GUY VERHOFSTADT: Yes. Transnistria, I do not know if we are capable to go there to solve the problem. It is a "frozen conflict," as you know. You know that Putin and Russia have a policy, and it is that they create frozen conflicts. They enter into a conflict and then they make an agreement, and that becomes then a frozen conflict. The list of frozen conflicts is a long one—the Crimea is a frozen conflict, certainly, and Eastern Ukraine could become a frozen conflict. That is a tactic, that is a strategy, to have influence in a number of countries.
I am not in favor to now say, "Oh, we create a European defense and then we are going to show our muscles and enter into the frozen conflicts." I hope that we can solve the frozen conflicts with negotiations and diplomacy.
I think we need a bold attitude toward Putin, not a bold attitude toward Russia. I always make a distinction between the Kremlin and Russia. In fact, Russia is Europe. It is European culture. For me, Europe starts at the Atlantic and ends at the Volga, because in this whole part of Europe you are going to see and read the same literature, have the same music, the same architecture, and the same trends that makes it part of one civilization.
The problem is that with Putin, and before that naturally in another area, we have an autocrat, and this autocrat does not want a society based on the rule of law, based on human rights, based on real democracy. In my opinion, there has not been an honest election there in the last 10 years, a real election there. It is all manipulated.
So I think that the time is ripe that we develop a new strategy toward Russia where we have a positive agenda toward Russia concerning visas, traveling, economic cooperation, but linked to an agenda to restore democracy and rule of law and political reforms in Russia. I call it "Helsinki 2.0."
Do you remember the first Helsinki process? In the first Helsinki process, we changed our attitude toward the Soviet Union and said, "If you do a number of reforms in your society, on the political side, we could do business with you economically." And it worked in the end. Finally, it was the end of the Soviet Union.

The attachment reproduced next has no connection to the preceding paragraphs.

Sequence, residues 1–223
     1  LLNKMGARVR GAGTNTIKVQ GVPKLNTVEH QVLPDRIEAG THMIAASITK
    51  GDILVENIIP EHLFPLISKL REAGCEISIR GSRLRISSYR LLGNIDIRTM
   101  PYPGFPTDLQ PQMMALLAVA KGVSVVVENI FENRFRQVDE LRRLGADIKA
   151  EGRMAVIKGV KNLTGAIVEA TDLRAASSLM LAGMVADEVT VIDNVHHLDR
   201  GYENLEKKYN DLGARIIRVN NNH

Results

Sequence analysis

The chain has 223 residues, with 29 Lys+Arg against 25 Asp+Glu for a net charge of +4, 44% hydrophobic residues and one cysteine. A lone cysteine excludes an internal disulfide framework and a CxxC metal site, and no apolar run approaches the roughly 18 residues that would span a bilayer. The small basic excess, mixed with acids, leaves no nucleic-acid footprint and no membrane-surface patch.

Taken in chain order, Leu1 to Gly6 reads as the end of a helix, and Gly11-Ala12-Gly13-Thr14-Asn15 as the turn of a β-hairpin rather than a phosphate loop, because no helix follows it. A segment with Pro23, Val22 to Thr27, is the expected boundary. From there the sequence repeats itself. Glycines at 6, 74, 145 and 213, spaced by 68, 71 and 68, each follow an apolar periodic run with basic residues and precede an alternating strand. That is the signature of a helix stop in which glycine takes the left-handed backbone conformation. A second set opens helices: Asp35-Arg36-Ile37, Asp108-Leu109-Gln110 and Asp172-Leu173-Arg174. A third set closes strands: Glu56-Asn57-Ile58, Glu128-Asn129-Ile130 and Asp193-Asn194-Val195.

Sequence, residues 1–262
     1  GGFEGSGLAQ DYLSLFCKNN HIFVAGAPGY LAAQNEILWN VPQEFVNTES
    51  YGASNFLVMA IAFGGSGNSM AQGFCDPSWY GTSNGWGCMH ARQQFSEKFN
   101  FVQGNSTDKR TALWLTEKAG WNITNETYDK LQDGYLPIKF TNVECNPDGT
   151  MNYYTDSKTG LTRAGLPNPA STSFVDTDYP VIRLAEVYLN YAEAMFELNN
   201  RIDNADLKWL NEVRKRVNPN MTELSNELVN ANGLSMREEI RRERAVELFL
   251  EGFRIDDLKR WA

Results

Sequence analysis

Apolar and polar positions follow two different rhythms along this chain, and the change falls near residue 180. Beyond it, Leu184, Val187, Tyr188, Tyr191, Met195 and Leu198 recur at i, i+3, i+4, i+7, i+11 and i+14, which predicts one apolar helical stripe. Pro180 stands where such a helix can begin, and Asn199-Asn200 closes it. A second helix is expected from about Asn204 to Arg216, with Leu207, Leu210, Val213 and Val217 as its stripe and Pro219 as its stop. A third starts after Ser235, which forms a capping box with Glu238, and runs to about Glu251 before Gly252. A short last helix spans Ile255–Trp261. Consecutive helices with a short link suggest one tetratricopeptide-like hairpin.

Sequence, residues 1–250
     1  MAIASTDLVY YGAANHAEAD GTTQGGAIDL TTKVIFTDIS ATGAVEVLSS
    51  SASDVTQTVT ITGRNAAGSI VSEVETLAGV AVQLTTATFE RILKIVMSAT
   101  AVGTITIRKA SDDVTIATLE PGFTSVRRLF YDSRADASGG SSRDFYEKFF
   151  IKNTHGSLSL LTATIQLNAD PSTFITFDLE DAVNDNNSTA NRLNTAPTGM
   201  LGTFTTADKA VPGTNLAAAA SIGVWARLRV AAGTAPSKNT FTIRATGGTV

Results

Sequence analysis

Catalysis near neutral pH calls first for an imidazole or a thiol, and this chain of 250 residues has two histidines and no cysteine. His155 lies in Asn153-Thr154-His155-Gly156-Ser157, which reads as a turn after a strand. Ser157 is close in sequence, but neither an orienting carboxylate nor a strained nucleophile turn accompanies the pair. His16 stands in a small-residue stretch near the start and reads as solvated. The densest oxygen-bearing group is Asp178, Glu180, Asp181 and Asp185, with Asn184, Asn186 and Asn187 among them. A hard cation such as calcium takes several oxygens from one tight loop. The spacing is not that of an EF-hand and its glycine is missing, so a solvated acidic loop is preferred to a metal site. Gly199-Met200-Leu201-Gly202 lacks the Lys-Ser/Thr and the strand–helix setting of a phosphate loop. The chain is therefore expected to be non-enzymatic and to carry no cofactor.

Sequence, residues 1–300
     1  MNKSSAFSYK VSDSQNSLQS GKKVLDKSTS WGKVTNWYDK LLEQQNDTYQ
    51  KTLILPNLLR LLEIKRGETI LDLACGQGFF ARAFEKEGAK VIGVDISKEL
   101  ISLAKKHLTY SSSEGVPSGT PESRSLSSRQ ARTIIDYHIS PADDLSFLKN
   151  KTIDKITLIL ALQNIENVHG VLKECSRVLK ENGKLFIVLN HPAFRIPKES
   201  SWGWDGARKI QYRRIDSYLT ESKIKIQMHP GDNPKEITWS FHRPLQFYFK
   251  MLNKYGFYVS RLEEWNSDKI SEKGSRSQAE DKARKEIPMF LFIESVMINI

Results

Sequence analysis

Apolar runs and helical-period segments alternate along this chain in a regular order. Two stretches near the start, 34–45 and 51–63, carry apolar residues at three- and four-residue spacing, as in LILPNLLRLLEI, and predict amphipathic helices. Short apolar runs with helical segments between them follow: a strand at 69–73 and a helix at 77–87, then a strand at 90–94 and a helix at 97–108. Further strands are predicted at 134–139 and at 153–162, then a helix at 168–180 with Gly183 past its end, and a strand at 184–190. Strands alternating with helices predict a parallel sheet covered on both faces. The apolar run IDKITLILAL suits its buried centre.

I think that we need not a copy-and-paste of that Helsinki process—that is the reason why I call it the "Helsinki 2.0 process"—in which we could show our willingness to have a common future together, certainly economically, but that we, as Europeans and as Americans, ask them also for a number of political reforms. And in that process, naturally, it will be absolutely necessary, for once and for all, to try and solve the so-called "frozen conflicts," even when I can tell you they are frozen as never before for the moment, if you look at them.
QUESTION: Sondra Stein.
What do you think Europe's position should be in negotiating with Britain, which also might be an example for other countries considering a Brexit?
GUY VERHOFSTADT: The position of Europe is very clear: We say, "Okay, if Britain, based on the referendum, wants to go out of the Union, out of a single market, out of the customs union, and out of the European Court of Justice—okay, that's their choice." But they cannot expect then to start an exercise of cherry-picking and say, "We are out now—and, oh, that's an interesting thing; that we want. Oh, that's an interesting program; that we like." We will never allow that you can have a status outside the Union that is more favorable than to be a member of the European Union. That is not possible.
And we will certainly not allow that you can pick and choose the so-called "four freedoms"—the freedom of goods; the freedom of services, mobility of services; the freedom of capital in Europe; and the freedom of people—in Europe, which are linked to the European project. We will not say, "Oh, yes, the European project in the future, that is everything but not the freedom of mobility of people." That is part of it. You cannot pick and choose and say, "Yes, I want capital," for example, because your city is London.
QUESTIONER [Ms. Stein]: So there really isn't room for negotiations.
GUY VERHOFSTADT: There will be room for negotiations, but based on basic principles—reciprocity; based on principles like, "We will not undo the basic principles of the Union, the four freedoms."
And another—this is not about revenge or punishment; it is a decision taken by Britain. As I already indicated, in my personal opinion, we need also to be generous toward those British citizens who want to continue their European citizenship and want to keep that link, that European identity. I have to tell you, every day the number of requests in that sense, in which British citizens are expressing their closeness with Europe, is growing and growing.
JOANNE MYERS: Although we have not run out of questions, we have run out of time. I would like to invite you all to join us and continue the conversation.
And a very big thanks to you for such a wonderful presentation.
GUY VERHOFSTADT: Thank you.